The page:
Another tactic Jim uses to ensure those last five seconds go smoothly has to do with his anchor point. Jim takes his thumb on his release hand and extends it behind his neck. Often while in a tree stand, you are forced to shoot a steep-angled shot or a slightly off balance shot. If your anchor point is not  consistent every time, you are inviting accuracy problems. The thumb on the back of your neck holds your anchor point steady no matter how badly your knees might be shaking. Jim has been using this method for more than 20 years, and he is convinced that if more bowhunters practiced this method, they could shoot better and be more consistent with their groups.

I would be willing to bet that 99.9% of today’s bowhunters do not take bowhunting as seriously as Jim Landrum of Milledgeville. Jim has been bowhunting 44 years in multiple states and with a good season this year, he will take his 500th whitetail with a bow. But bowhunting is not just a hobby for Jim, it is also his profession. Jim has been with PSE Archery for 34 years, 20 of those as a regional sales manager. I asked Jim about the last five seconds and what goes through his mind right before he shoots. He said, “My brain is in overdrive making sure I do everything right. I am thinking ‘dot, dot, dot’.” This is Jim’s way of focusing on an imaginary “dot” where he wants his arrow to impact.

When I asked Jim if there is any- thing that he practices that might help an ordinary bowhunter, he mentioned a couple of items. The first tip involved the way he practices. Because of his hectic work schedule, he often does not have time to shoot shot after shot on the practice range like most people. So when he gets a chance, he goes out just before dark and shoots one arrow. Just one, it’s make or break. Jim says knowing you only have one shot makes you concentrate more than you would if you were shooting multiple arrows. This simulates a hunting situation a little more and helps prepare you for those last five seconds.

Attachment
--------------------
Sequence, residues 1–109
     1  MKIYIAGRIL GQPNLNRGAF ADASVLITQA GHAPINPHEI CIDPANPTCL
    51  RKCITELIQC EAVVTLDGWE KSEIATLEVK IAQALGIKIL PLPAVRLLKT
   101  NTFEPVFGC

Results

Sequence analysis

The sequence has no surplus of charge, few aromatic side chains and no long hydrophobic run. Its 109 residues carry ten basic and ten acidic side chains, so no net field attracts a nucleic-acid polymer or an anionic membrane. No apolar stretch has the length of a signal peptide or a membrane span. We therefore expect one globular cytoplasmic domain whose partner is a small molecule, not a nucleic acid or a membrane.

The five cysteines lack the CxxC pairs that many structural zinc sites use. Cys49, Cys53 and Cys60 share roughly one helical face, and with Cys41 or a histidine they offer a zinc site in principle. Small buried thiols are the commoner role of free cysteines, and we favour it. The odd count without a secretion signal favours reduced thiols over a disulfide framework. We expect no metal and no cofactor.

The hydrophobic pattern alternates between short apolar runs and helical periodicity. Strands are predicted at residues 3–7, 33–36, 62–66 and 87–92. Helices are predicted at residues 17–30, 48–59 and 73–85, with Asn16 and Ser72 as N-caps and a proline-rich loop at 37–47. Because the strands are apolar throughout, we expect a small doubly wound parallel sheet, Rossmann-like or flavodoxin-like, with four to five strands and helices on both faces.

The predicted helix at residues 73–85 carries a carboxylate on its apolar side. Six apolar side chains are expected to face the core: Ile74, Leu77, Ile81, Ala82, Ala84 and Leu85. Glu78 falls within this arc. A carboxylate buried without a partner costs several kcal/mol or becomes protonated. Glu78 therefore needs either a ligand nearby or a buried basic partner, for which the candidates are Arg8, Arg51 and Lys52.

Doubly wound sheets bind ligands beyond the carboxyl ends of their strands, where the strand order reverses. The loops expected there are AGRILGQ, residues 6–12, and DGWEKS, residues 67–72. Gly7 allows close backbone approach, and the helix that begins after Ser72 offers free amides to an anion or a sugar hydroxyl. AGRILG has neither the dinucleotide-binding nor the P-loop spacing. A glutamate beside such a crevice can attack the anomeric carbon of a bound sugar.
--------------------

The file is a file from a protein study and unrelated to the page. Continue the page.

The second item Jim mentioned has to do with his release style. Jim shortens his wrist strap so that the release is buried in the palm of his hand. Instead of using the tip of his finger on the trigger, he places the trigger in the first joint of his finger. When using the release in this way, touching the trigger is similar to squeezing a tennis ball. This prevents him from having to reach his finger out to the trigger. This eliminates “punching” the trigger.

Words can not describe what goes through my mind just before I release an arrow at a deer. The rush of adrenaline sends my heart racing and my brain goes into controlled chaos. For me, those last five seconds are what hunting is all about.

If you have never bowhunted, you might not know what I am talking about. If you ever get a deer in bow range, just one time, you would be hooked for life.

And when I no longer get that heart-pounding rush of adrenaline, I will put my bow down and pick up a camera.

Jim Landrum shot this Jones County 8-pointer during the 2005 bow season. Jim has been bowhunting for 44 years, and this season he looks to take his 500th whitetail with a bow.